Jenna Ortega is an American actress who has recently risen to fame for her starring role as Wednesday Addams in the Netflix series Wednesday. As a Latina actress, many fans have wondered about Ortega’s ability to speak Spanish. The question of whether or not Ortega speaks Spanish has sparked debate online.
Ortega’s Latina Heritage
Jenna Ortega was born in Coachella Valley, California, in 2002. Her mother is Mexican, and her father is Puerto Rican. With this mixed Latina heritage, some expected Ortega to be fluent in Spanish. However, in multiple interviews, Ortega has admitted that she does not speak the language fluently.
In a 2022 interview that went viral on TikTok, Ortega struggled to record a promo clip for Wednesday in Spanish. She was unable to smoothly invite viewers to watch the show’s Spanish dub, titled Merlina. This interview gained over 10 million views and led many fans to openly question Ortega’s Latina identity since she couldn’t speak Spanish.
The Complexity of Latina Identity
Ortega’s lack of Spanish fluency sparked a debate over whether language ability should be a prerequisite for Latina identity. Some fans argued that not speaking Spanish made Ortega somehow “less Latina.” However, many pointed out the complexity of Latina identity for those raised in the United States.
Latina identity exists on a spectrum and is not defined solely by language ability. As actress Rachel Zegler argued, “We need to stop gatekeeping the Latina identity.” Factors like family, culture, heritage, and lived experience all contribute to Latina identity beyond just language fluency.
Ortega has proudly embraced her Mexican and Puerto Rican roots despite not speaking Spanish growing up. As she explained, “I am Latina, I am Mexican and Puerto Rican.” For Ortega and others, participating in Latinx traditions and honoring her heritage make her fully Latina, regardless of her Spanish fluency.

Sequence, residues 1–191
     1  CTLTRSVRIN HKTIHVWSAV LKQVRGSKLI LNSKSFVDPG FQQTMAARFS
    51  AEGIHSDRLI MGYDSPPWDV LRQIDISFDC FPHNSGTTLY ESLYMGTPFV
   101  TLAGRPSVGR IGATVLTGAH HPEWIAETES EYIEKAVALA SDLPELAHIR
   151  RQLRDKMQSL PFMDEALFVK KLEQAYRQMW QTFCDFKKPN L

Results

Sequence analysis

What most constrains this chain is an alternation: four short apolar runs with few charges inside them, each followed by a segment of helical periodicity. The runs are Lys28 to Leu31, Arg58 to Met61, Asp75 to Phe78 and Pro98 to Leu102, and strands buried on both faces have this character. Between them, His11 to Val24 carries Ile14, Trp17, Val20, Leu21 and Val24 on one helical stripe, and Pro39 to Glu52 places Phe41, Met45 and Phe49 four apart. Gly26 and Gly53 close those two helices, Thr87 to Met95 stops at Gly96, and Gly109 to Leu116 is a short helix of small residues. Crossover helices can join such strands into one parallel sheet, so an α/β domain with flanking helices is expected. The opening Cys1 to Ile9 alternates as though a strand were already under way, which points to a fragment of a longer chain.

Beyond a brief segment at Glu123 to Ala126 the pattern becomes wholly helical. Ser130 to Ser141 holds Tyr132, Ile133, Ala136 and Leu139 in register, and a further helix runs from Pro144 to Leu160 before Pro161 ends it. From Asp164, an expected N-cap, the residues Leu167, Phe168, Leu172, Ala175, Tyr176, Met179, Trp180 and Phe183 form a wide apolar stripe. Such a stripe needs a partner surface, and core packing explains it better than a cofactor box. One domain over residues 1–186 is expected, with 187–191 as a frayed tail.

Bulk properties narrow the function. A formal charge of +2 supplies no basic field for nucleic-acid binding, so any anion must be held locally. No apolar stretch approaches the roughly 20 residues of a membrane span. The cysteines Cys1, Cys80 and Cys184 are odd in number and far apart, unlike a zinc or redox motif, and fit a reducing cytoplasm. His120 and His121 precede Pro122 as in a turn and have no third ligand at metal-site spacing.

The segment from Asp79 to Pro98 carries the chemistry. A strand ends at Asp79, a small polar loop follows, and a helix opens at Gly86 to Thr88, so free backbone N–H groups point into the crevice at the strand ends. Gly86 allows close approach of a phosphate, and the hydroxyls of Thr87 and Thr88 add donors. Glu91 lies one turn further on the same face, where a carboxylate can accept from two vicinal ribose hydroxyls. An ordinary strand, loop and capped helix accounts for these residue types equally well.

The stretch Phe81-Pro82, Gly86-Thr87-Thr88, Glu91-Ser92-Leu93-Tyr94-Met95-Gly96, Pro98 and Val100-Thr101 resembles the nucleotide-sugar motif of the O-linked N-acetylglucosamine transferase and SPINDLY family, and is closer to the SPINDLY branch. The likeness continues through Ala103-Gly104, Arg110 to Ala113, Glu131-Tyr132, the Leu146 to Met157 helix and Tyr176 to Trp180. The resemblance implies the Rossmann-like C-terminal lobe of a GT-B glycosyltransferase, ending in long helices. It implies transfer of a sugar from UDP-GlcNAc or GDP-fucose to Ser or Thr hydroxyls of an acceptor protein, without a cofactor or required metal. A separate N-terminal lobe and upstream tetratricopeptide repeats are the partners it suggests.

Ortega’s Experience Learning Spanish
While Ortega is not fluent in Spanish, she has made efforts to learn as an adult. In interviews, she has been open about the language being new to her and described it as a “work in progress”.
Ortega began studying Spanish in preparation for her first major role in the Mexican sitcom Elena of Avalor in 2016. Though she was not required to speak Spanish as part of the role, Ortega wanted to better connect with the Latin American culture of the show.
Since then, she has continued to study Spanish and work on her fluency. When filming the Netflix movie The Fallout in Spain in 2020, Ortega brought her Spanish tutor along to help her practice conversing. She has also done various interviews in Spanish to improve through immersion.
While still insecure about her Spanish skills, Ortega is actively taking steps to learn the language more fluently. She has described Spanish as “something that I want to perfect and really become fluent in.” For Ortega, connecting with her cultural roots is a lifelong journey.
The Realities for Latinos in the U.S.
Ortega’s experience reflects the language diversity among Latinos raised in the United States. A 2019 Pew Research study found that only around one-third of U.S. Hispanics are proficient in Spanish.
There are many reasons Latino Americans may not learn Spanish, including family assimilation, lack of bilingual education programs, and prioritizing English for school and work. Critics of Ortega fail to acknowledge these systemic barriers that prevent Spanish fluency.
Ortega’s story represents the authentic experience of many Latinos in the U.S. who navigate a bicultural identity. As actress Camila Cabello argued, Ortega’s experience is “the story of a lot of Latinos here.” Just because someone isn’t fluent in Spanish does not make their Latina identity any less real or valid.
While Jenna Ortega is not fully fluent in Spanish, she proudly embraces her Latina heritage. She has made continuous efforts to improve her Spanish fluency as an adult and connect with her roots. Ortega’s experience reflects the diversity of Latina identity and the realities of Spanish language learning for many Latinos in the U.S. Though the debate continues, Ortega serves as an inspirational role model for embracing one’s cultural background, regardless of language ability.